Additional solutions can be found on each department's page
What is a Civil Infraction?
A Civil Infraction is not a criminal offense.
There is no right to a court appointed attorney or a jury trial. If a judgment is entered against you, you will only be assessed a monetary penalty plus costs:
MAXIMUM $100 fine, $100 court costs, and required $40 state fee.
Points may also be assessed on your drivers license depending on the offense charged. Click here to see current fines. There is no jail sentence for a civil infraction. The Court may also order a program of treatment, education or rehabilitation (Driver Safety School, Alcohol Highway Safety, etc.). If a sanction (Judgment) is entered against you and the fines and costs are not paid:
your license may be suspended by the Court for failure to pay the fine and costs assessed;
civil contempt-burden is on the Defendant to show that non-payment is not due to inability to pay, and if Defendant cannot so show, Defendant can be committed to jail until fines and costs are paid at the rate of $10.00 per day,
fine and costs might be collected through garnishment, execution, etc.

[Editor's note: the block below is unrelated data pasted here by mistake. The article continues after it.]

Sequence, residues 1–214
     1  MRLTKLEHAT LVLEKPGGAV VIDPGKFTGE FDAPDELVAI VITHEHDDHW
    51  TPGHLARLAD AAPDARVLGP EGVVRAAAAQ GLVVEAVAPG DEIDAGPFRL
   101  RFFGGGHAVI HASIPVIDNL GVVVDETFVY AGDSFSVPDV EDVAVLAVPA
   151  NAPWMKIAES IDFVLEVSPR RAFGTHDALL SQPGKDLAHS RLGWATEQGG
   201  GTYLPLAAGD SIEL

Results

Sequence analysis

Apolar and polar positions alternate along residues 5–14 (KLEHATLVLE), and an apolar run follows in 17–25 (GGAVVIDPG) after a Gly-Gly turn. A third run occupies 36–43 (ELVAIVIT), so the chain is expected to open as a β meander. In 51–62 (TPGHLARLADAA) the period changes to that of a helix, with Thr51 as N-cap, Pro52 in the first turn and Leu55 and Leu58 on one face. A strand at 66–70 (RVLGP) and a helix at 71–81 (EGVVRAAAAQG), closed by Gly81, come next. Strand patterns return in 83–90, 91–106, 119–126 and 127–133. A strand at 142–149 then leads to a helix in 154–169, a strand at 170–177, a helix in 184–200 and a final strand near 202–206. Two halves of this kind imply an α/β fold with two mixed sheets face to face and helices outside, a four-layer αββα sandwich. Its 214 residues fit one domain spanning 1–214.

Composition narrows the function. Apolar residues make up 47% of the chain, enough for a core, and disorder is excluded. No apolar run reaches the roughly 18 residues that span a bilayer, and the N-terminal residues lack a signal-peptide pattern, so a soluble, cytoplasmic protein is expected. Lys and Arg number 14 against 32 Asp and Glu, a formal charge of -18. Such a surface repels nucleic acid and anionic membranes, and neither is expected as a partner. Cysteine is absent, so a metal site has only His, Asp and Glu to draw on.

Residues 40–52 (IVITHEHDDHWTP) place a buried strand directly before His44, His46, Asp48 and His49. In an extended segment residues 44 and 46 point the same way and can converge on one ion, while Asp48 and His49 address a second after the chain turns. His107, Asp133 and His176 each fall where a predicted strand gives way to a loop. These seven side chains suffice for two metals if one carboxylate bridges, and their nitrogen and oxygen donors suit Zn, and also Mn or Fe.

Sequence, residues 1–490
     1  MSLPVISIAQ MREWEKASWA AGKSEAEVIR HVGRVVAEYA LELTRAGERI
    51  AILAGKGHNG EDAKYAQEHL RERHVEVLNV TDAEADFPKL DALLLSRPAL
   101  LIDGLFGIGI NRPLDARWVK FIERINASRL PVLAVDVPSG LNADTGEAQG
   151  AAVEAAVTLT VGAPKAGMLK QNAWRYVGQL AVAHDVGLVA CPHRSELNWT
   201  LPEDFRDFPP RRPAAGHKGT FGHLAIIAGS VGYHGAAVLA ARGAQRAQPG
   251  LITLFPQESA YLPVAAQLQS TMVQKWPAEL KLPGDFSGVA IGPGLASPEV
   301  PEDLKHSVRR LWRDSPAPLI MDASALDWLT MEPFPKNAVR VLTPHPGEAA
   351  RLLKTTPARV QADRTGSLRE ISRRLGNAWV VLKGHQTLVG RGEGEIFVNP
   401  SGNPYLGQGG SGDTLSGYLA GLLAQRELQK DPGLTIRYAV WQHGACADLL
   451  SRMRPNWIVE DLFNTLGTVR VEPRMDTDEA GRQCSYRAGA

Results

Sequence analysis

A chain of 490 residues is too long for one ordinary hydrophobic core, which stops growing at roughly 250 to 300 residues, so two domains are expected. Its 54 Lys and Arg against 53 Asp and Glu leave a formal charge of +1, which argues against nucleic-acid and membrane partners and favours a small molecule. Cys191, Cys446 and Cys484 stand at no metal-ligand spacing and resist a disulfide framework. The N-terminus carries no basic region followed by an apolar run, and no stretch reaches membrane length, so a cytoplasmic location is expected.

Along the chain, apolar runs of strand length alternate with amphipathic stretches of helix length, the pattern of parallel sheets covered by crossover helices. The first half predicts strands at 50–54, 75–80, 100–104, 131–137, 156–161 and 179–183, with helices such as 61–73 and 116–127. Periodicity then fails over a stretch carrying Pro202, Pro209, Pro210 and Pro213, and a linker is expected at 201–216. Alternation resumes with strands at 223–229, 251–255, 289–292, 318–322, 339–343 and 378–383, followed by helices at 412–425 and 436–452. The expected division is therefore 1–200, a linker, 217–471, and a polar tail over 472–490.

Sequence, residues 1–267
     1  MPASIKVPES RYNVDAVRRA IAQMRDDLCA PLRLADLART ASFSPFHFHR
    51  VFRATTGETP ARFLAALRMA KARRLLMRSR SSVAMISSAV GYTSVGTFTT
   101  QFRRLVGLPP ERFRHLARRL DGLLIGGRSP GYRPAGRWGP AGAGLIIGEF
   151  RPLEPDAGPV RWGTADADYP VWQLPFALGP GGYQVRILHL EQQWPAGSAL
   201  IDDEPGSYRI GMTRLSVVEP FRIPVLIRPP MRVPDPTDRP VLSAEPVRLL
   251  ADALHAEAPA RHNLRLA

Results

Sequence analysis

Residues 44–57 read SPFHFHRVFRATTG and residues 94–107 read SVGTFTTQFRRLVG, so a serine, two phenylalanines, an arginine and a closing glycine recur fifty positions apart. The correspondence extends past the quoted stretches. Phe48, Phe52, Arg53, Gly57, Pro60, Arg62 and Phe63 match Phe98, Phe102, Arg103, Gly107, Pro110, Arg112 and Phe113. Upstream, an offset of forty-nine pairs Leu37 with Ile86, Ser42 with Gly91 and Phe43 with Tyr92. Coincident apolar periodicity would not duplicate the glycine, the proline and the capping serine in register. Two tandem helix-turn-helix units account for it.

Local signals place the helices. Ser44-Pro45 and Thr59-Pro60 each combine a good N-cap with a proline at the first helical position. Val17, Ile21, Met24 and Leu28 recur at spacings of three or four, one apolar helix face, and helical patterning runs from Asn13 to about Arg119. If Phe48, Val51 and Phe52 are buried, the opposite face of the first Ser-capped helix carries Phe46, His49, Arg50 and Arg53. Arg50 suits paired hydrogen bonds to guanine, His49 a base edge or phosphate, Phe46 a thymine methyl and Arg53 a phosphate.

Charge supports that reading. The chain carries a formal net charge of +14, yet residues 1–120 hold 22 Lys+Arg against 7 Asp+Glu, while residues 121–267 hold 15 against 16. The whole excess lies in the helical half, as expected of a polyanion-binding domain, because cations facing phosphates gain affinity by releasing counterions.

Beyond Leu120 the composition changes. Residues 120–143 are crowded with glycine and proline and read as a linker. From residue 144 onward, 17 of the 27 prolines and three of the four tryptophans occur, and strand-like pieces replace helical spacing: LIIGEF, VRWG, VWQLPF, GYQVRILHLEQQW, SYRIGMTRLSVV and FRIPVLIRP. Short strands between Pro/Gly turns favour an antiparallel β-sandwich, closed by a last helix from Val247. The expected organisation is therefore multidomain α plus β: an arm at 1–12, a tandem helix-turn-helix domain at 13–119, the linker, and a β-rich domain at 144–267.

ADMIT RESPONSIBILITY WITH EXPLANATION. You will be able to explain the situation fully to the Magistrate. The Magistrate will not be able to change the charge against you; however, he/she can take your explanation into consideration for fines and costs. The fines and costs are then set by the Magistrate and do not always follow the schedule set by the Court. If you choose this option the Deputy Clerk will give you a date to come back and speak with the Magistrate or this can also be done by mail if you wish.
DENY RESPONSIBILITY AND HAVE A HEARING. A hearing date will be scheduled for you. Your case will be heard before a Magistrate or Judge depending on what kind of hearing you request. If you request an informal hearing any witnesses you wish to have testify on your behalf should be with you. No attorneys are permitted to be present or represent either you or the police officer at this hearing. If you are not satisfied with the ruling of the Magistrate at the informal hearing you have the right to appeal to a formal hearing before the Judge. This appeal must be filed within seven (7) days of the informal hearing, and the fines and costs must be paid as a bond on the appeal.
If you wish to give up your right to an informal hearing, a formal hearing may be scheduled. At the formal hearing, the police officer will be represented by an attorney and you may be represented by an attorney, if you wish. However, you must employ your own attorney. Before any hearing, you will be given a reasonable period of time to contact witnesses and prepare your case. If you are found responsible, judgment will be entered against you.